Your answers would be wrong. Well, in this context. The answer for all three is simpler:

!!! Writer !!!

Writers think about this sort of stuff all the time.

And it’s always miserable. Stories aren’t happy. They may have happy moments. They may end with the contemporary equivalent of, And they lived happily ever after. But the journey to get there is a passage through shit and misery, because that’s what makes stories interesting. Nobody wants to sit around reading 80,000 words about characters having a good time.

Part of what makes reading compelling is that journey, in seeing characters confront and overcome obstacles, grow, and move forward; or seeing that no matter how our way of life is threatened, we can triumph and move on.

As it is, I think writers are, generally, a lot more sensitive and definitely more empathetic than most people. That’s why (and how) they’re able to get into the headspace of so many different characters and represent them genuinely. It’s how they’re able to insert these characters into extraordinary circumstances and produce authentic outcomes. It’s how, when they’re successful, they deliver verisimilitude.

But thinking about all this can’t be healthy.

It’s been shown that our thoughts influence our outlook. You don’t have to be experiencing a terrible time to feel terrible – you can feel terrible just by recounting a terrible memory. That’s enough. Everybody would’ve experienced this at some point – watching a recording, for example, that either made them feel happy (e.g. a wedding) or sad (e.g. a funeral) even though it might be years (or decades) since those events.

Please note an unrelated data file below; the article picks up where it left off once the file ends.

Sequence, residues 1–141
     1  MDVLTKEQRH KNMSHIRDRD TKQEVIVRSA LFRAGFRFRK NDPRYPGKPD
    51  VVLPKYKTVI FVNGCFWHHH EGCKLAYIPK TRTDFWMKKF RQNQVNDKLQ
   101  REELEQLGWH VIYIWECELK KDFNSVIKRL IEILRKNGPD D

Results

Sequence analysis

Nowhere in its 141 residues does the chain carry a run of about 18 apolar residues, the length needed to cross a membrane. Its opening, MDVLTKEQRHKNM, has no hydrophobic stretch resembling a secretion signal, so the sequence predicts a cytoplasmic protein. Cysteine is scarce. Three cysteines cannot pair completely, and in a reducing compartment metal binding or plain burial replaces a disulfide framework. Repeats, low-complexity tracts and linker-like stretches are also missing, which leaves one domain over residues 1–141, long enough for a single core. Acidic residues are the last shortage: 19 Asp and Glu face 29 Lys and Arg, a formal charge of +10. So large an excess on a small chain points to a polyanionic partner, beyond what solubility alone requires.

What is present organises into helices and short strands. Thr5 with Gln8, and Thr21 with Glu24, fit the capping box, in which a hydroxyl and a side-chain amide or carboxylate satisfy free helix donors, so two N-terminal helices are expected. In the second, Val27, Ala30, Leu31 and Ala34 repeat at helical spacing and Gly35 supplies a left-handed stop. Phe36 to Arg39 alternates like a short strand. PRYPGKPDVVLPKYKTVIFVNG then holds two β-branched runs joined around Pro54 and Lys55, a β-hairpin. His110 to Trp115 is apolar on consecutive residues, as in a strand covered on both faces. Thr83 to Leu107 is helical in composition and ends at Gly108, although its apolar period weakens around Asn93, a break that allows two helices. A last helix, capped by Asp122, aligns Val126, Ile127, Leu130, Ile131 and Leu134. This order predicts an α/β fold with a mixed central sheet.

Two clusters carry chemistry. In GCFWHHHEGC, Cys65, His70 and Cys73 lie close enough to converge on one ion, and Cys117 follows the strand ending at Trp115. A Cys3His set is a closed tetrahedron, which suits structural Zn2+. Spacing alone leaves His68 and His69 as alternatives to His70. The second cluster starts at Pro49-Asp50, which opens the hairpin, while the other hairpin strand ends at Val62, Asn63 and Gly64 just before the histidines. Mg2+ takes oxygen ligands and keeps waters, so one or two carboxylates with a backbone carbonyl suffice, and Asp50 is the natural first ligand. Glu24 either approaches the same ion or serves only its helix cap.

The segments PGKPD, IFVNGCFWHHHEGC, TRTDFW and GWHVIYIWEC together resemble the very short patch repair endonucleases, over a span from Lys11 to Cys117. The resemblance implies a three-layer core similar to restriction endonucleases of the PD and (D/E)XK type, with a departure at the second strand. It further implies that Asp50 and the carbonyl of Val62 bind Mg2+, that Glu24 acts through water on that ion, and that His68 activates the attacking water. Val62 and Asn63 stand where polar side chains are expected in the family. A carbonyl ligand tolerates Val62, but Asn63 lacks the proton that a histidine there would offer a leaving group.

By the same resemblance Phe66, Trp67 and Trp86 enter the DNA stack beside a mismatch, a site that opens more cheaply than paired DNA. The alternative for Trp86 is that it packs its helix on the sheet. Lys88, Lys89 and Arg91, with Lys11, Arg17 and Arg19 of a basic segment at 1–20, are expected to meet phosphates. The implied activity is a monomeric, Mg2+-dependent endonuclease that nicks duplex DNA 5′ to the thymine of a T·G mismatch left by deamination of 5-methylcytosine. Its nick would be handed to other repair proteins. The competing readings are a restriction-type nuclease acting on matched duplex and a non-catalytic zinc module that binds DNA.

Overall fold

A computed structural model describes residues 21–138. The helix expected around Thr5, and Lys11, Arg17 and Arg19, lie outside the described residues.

Making matters worse is that writing is an isolated pursuit. Writers don’t sit in offices chatting away with workmates. They sit alone trying to get all this to work.

And then there’s that whole judgemental hierarchy, e.g.

  • Is this any good?
  • Will the publisher accept it?
  • Will people like it?
  • Will reviewers like it?
  • Will people buy it?

Most writers wouldn’t think, Yes. That confidence isn’t in their DNA. Most writers would think catastrophically. E.g.

  • Is this any good? It’s terrible.
  • Will the publisher accept it? No – it’s not good enough.
  • Will people like it? They’ll think it’s horrible.
  • Will reviewers like it? They’ll pillory it.
  • Will people buy it? Nobody will buy it.

This isn’t even pessimism. Publishers reject books – even good ones. Art is subjective, and plenty of great books haven’t been recognised as great until long, long, long after the author is gone. Tons of books – even amazing books – don’t sell.

It’s a mess. All of it. So it’s little wonder that writers can feel down.

And it’s something to be aware of. I don’t have any solutions. I doubt there’d be a blanket solution, just like there isn’t a blanket methodology to writing.

But it’s something to be aware of, and it’s equally important to find a constructive way through it.